ETERY PICHKHADZE, VOA's GEORGIAN SERVICE
Etery Pichkhadze Benitzhak, broadcaster and editor in VOA’s Georgian Service, has lived three different lives in three different worlds. Her childhood and young womanhood passed behind the Iron Curtain in Soviet Georgia. From the early 70s, as a young mother and budding journalist she lived in Israel. Since 1989 she has worked for the Voice of America in Washington, raising an American son and, she says, gradually becoming an American herself.
“What I realize, what you get in your childhood, the fundament you get, it doesn’t change drastically. But it takes on some additional taste, some seasonings, you know. And what I am, I am the mixture of Georgian culture, Israeli culture, and American culture, and I’m proud of each of them.”
Etery Pichkhadze -– as she is known on the air -- is the daughter of an economist and a Georgian language teacher. She grew up in Tbilisi, the capital of Georgia, and then in the sunny Abkhazian port city of Sukhumi. She says that as a child she was oblivious to the realities of the Soviet Union, and remembers instead a happy home with parents, grandparents, two brothers and a sister, and an emphasis on studying, on music and dance.
“Everything changed at the end of the 50s, when Khrushchev came and we knew that everything was lies around us. And it was of course frustrating, because you lived in a country that was full of lies, and you knew that there were gulags, and people were dying, and there was starvation. It caused me to become older than I was, because I was no longer the happiest child in the world. I knew that the world around me was not so bright, and not so true, and not so kind, and not so just.”
The Pichkhadze family was Jewish, but Etery says that –- regardless of what may have been the case in other parts of the Soviet Union –- in Georgia she never experienced any anti-Semitism or any repression because of her faith. Her family observed the Jewish dietary laws and visited the synagogue on holy days. Nevertheless, when the door cracked open and it became possible for Soviet Jews to emigrate to Israel, the Pichkhadzes made the tough decision to leave Georgia.
“I tell you, honestly, I didn’t know ever that I’m a stranger in this country, as a Jew. Nobody let me feel this. But being raised in a religious family, every day Jews say, ‘Next year in Jerusalem’. This is what my grandmother said every day. That means that I always from my childhood knew that if ever there will be the possibility to go there, to get out of this regime, I have to go to my historic country, to Israel.”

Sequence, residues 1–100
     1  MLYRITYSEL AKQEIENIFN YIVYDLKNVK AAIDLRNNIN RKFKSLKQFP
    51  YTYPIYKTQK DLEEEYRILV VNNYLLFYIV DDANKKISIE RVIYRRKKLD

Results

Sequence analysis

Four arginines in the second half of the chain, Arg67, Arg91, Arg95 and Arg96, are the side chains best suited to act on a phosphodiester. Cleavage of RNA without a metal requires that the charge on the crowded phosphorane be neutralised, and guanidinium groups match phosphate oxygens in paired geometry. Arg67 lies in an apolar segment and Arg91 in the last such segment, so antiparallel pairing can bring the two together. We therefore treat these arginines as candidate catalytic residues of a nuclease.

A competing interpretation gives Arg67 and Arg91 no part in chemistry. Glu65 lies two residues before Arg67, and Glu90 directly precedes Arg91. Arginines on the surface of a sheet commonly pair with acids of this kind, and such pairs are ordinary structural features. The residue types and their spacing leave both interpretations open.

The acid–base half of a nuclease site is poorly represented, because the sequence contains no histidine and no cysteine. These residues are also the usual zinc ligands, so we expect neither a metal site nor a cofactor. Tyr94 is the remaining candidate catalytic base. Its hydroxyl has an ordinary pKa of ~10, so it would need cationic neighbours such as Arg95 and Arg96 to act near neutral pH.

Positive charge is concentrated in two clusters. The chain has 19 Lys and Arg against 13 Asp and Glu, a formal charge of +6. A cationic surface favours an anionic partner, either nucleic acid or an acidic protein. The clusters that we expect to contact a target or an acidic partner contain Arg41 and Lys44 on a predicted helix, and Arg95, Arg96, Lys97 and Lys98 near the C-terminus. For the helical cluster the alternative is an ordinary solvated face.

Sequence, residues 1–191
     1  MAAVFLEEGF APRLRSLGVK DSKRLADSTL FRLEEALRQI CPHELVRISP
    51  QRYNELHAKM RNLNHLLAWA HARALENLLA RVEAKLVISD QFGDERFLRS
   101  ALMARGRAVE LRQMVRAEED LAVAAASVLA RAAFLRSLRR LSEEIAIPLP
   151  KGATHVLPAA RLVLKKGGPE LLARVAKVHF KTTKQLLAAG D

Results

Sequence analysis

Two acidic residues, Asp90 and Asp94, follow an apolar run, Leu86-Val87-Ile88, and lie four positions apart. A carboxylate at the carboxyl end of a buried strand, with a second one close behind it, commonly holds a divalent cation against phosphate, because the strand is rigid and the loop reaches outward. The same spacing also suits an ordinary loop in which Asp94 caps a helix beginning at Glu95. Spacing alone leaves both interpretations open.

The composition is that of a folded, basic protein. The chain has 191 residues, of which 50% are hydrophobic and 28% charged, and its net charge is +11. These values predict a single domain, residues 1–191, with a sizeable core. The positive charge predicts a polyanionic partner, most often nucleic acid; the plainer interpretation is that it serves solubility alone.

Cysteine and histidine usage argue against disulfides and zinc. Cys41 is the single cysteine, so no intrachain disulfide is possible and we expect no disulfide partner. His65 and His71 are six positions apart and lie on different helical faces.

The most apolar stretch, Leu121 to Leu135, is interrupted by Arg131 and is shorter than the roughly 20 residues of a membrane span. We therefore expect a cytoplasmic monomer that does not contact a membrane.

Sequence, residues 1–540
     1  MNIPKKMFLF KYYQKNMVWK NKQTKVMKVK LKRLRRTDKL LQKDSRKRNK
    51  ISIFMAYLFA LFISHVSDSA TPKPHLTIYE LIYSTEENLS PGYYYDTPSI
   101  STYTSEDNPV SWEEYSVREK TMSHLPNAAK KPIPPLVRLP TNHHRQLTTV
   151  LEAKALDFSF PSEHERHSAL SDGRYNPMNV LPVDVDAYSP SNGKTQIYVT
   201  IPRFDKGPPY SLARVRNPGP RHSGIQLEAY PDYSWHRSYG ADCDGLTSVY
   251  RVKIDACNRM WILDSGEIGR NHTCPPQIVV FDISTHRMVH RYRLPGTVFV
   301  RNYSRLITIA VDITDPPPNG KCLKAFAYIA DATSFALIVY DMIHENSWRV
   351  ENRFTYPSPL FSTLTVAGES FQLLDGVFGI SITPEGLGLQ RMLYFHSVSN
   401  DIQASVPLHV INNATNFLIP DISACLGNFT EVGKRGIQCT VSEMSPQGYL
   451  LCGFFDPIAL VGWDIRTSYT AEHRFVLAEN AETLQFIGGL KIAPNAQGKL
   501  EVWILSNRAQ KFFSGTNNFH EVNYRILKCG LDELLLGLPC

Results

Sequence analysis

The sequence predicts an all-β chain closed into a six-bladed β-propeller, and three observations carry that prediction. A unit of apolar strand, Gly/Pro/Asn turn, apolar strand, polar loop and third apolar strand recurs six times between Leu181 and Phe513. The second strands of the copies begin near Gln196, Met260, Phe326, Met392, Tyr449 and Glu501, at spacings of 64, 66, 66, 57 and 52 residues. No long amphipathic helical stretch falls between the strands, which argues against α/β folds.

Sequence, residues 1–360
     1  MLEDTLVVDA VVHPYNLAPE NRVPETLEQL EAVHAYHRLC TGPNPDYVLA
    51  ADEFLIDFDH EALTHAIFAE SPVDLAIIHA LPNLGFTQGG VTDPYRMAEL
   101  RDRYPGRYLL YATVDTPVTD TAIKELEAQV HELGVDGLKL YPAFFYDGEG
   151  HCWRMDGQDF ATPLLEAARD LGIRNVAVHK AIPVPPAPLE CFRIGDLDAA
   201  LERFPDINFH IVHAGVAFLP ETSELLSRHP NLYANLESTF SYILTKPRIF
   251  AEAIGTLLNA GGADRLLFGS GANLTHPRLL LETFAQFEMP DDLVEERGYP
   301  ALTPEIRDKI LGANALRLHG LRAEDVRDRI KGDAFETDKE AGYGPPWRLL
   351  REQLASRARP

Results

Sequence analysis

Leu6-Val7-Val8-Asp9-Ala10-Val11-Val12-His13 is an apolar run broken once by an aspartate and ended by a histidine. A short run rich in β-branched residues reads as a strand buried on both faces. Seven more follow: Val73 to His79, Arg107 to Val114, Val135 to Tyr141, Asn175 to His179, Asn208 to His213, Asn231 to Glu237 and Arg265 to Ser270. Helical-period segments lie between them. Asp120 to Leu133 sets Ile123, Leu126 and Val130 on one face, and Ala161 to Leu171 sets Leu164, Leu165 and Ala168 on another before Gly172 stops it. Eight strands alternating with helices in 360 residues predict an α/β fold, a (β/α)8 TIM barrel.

In the summer of 1974 Etery Pichkhadze left for Israel with her two young sons. After three months in an absorption center, set up to help new immigrants in Israel learn Hebrew and begin to get to know the new country, Etery found a job as editor with a fledging Georgian-language magazine. Working for the magazine and later for a Georgian-language daily newspaper, she studied journalism at the local university. She says she had always been interested in writing, and even as a little girl had contributed poems and stories to children’s magazines. But she is thankful that she acquired the skills of a journalist in Israel.
“Because I wasn’t spoiled as a journalist in the Soviet Union. That is, I was not a Soviet journalist, I was in the West when I started this. And that gave me the right direction.”
In the late 1980s, Etery Pichkhadze learned that the Voice of America was recruiting journalists for its Georgian Service. She came to Washington, thinking she would return to Israel when her contract expired in two years. But events carried her along with them.
“The time was very important when I started, because it was 1989, when the perestroika was at the end, and tremendous changes were taking place in the former Soviet Union. Demonstrations, and then the collapse of the Soviet Union, and in Georgia came Gamzakhurdia, civil war, and the changes when Shavarnadze came to power. You know, I was fully in these events, because it was really my job. And I don’t know how many years passed….”
Ms Pichkhadze became an editor in the Georgian Service, she wrote and hosted programs, she conducted round-tables and call-ins, she interviewed scores of newsmakers, she reported on breaking events. She says she continues to enjoy her work, and believes the Voice of America continues to have an important mission in Georgia.
“Today, after the Soviet Union collapsed, I think the role of the Voice of America is not diminished at all. And why? Because the country is going to democracy. And democracy is not a brick, or something like that to put and build something. Democracy is a process. And we’re helping people in this process. We are giving them the true picture, true story.”
Etery Pichkhadze’s two older sons and the rest of her family remain in Israel. Her third son, Isaac, grew up in the United States and, she says, is totally American in mentality and lifestyle. Etery herself also finds herself becoming an American.
“From the beginning, I didn’t know America. Today I am more confident, because when I’m talking about American values, I know that it is part of me, already, and it sounds differently. But it is very difficult for me, everyday life. It is very tough for me because every day the terrorist acts in Israel, what’s going on there, endlessly. And my two sons are there, and they’re serving in the army, my two brothers are there, my sister--all of my family is there and when something happens there I can’t function until I realize what’s going on, and how everybody is.”
Etery Pichkhadze Benitzhak, a Georgian, an Israeli, and an American -- one of VOA’s seven hundred or so international language broadcasters.
English Feature # 7-37597 Broadcast June 30, 2003